Bellingham’s mountain bike fever expresses itself in other ways as well. The area is home to four pump tracks and a dirt jumping park. For those who want a guided experience or to rent mountain bikes, Dig Deep Tours is a great resource. If you need a pre-ride coffee, post-ride beer, or brake adjustment, head to Cafe Velo. In that same vein, Transition Bikes Outpost at the base of Galbraith Mountain is a bike shop more than happy to pour riders a beer post-ride.
Columbia River Gorge – Syncline
Best for: wildflowers, river and mountain views, cross-country with technical elements
Rideable Seasons: all year
This famous trail system east of Bingen takes advantage of an incredibly scenic area of ridges and draws right on the Columbia River; riders can look forward to significant elevation grades. The reward is insane views of the Columbia River Gorge and Mount Hood across the river in Oregon. And those fortunate enough to hit the trails in spring will also find the singletrack surrounded by wildflowers. Advanced riders will savor drops, ledges, narrow gaps, and scintillating descents while intermediate riders weave through creek beds and prairie country. Parking is free.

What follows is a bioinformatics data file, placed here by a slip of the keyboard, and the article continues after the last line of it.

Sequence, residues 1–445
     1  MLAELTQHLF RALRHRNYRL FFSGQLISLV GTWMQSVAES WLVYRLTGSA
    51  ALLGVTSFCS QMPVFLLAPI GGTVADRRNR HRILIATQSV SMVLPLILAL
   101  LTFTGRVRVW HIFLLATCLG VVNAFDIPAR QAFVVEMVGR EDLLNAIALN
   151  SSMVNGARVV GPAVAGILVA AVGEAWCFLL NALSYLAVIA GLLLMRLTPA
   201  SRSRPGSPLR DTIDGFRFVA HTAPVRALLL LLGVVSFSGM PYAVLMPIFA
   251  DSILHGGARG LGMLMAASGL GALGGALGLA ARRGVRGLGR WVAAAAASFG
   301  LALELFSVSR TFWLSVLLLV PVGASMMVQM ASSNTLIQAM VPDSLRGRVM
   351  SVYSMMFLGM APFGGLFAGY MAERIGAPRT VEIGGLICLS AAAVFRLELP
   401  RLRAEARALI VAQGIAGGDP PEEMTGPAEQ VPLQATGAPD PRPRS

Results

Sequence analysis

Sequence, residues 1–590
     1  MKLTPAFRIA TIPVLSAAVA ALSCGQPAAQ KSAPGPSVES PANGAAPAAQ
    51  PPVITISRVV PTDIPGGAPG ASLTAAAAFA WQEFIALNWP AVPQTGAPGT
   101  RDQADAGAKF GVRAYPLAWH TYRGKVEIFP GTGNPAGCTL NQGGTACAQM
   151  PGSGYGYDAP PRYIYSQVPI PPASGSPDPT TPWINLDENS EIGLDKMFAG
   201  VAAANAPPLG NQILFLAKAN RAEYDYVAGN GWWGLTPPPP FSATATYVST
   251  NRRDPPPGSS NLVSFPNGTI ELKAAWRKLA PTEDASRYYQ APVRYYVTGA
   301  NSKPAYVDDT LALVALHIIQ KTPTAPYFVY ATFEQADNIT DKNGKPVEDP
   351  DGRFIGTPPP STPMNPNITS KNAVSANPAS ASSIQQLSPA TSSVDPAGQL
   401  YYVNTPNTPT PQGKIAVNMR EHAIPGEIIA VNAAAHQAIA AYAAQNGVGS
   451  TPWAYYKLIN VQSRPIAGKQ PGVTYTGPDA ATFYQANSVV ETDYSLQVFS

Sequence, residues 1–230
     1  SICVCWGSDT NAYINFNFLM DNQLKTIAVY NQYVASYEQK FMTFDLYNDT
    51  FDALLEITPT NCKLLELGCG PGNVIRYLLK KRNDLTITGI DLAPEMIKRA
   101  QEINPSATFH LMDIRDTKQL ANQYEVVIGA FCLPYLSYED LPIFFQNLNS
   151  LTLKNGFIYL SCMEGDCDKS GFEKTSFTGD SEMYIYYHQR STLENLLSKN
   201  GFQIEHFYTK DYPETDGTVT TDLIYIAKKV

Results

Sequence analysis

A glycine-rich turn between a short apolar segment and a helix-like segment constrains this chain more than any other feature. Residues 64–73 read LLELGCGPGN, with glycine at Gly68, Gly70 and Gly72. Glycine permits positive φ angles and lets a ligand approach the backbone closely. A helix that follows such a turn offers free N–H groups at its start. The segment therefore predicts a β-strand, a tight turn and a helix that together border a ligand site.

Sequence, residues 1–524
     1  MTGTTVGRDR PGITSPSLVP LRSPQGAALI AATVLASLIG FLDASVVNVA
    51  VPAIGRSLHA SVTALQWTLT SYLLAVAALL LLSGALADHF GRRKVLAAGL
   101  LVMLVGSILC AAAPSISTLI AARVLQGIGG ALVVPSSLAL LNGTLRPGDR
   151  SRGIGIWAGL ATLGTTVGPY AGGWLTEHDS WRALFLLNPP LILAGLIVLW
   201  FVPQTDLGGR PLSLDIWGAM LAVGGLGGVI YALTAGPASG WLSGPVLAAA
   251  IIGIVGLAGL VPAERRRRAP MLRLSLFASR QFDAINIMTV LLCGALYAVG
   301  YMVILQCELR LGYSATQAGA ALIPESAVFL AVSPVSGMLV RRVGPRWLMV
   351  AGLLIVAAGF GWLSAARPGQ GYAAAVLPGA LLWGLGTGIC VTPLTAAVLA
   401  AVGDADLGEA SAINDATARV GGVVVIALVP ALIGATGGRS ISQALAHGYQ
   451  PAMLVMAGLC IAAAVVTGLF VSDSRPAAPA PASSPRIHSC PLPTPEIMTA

Dr. Roscoe’s Holistic Bicycle Repair is equal parts quirky and helpful and is located less than 4 miles from Syncline’s westernmost trailhead in Bingen.
Best for: purpose-built trails, easy access, downhill, jumps, cross-country riding
Rideable Seasons: all year
In the Western foothills of the Cascades near Seattle lies a treasure trove of Washington State mountain biking trails: Tiger Mountain, Duthie Hill, and North Bend. Tiger Mountain, located in the eponymous state forest, has a whopping 125 miles of trail with everything from easygoing routes to highly technical downhill. From the top of East Tiger Summit Trail catch stellar views of Mount Rainier. If that isn’t enough, the Tiger Mountain network connects to another mountain bike system in Raging River State Forest, which has almost 50 miles of cross-country, downhill, and freeride trails. Parking is free at Tiger Mountain except for the upper lot, which requires a Discover Pass.